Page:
VILNIUS - Analysts at SEB Vilniaus Bankas have laid heavy criticism on the government's tentative 2010 plans for the adoption of the euro, spurring the politicians to respond with promises of staying on course.
"The government has demonstrated its carelessness by delaying the euro entry date until some uncertain future, and by jeopardizing the next stage of eurozone enlargement in 2009," said Gitanas Nauseda, an advisor to the president of SEB Vilniaus Bankas.
"What's more, we will have a general election in late 2008, allowing for attempts to win favor with skeptical voters, which would send contradictory signals to the European Union's institutions," Nauseda said.
"The government has behaved like an offended child who did not get the candy he wanted in 2007, and now he no longer wants it," he added.
Prime Minister Gediminas Kirkilas retorted with claims that the government would not hinder Lithuania's goal of making the next round. Speaking to Parliament, the prime minister stated that he expected parties to sign an agreement on fiscal discipline.
Social democrats acknowledged inflation rates would be hard to control.
SEB Vilniaus Bankas analysts predicted inflation for 2007 to be at 4 percent, and 3 percent for 2008. They warned that eurozone entry could happen at a much later date if action was not taken to curb inflation.
Higher electricity prices due to the closure of the Ignalina nuclear power plant would cause an inflation rise in 2009, the analysts added, making the government's realistically stated 2010 goal harder to reach. They predicted that the country's average annual inflation rate would reach 3.8 percent this year, while the Maastricht limit for euro adoption was predicted to be 2.8 percent in 2009.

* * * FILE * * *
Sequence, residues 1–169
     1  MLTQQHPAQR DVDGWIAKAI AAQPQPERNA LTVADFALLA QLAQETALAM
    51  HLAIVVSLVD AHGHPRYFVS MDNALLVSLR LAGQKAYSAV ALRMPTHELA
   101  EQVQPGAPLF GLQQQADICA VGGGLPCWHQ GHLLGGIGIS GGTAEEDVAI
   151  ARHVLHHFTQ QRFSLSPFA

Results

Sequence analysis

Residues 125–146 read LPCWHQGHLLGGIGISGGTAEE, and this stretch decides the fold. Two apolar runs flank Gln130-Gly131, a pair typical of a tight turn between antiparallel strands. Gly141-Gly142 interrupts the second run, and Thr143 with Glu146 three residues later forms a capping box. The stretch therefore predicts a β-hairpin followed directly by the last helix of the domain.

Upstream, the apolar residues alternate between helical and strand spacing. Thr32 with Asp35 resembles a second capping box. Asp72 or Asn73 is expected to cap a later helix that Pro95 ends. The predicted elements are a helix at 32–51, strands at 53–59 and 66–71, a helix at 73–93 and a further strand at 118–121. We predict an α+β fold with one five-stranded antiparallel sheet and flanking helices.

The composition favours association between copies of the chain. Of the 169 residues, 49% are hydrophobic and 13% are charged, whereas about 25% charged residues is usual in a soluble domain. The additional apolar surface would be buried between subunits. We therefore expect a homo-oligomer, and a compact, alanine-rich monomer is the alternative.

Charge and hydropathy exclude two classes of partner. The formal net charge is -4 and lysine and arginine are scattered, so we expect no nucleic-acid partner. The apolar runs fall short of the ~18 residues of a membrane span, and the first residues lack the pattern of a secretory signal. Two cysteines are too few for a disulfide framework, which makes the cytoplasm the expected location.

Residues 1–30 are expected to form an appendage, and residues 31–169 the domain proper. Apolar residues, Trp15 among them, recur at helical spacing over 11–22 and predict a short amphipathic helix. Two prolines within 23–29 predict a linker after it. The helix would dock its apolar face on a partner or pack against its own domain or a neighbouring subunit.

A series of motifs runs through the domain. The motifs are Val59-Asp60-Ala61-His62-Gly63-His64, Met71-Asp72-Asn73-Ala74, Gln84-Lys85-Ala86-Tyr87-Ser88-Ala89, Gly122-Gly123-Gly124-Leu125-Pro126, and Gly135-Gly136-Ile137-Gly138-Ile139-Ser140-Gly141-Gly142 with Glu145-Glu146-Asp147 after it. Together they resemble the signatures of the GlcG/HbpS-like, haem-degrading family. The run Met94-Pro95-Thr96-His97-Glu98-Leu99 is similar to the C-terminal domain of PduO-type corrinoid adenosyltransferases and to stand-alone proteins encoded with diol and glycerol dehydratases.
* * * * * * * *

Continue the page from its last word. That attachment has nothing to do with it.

President Valdas Adamkus also chimed in, calling for a 2009 goal for the euro.
"The agreement should specify how and when the budget will be balanced and how expenditure will be curtailed, and the document must be given a binding legal form - it should be expressed in the form of a law," Adamkus said. "It is of utmost importance that we do not lag behind, though we have said that we are leading in terms of euro introduction in this region. We have an opportunity to prove that by our work and commitments."
The government has not yet announced an official eurozone entry goal, but both Finance Minister Zigmantas Balcytis and Prime Minister Gediminas Kirkilas have set 2010 as the most realistic target.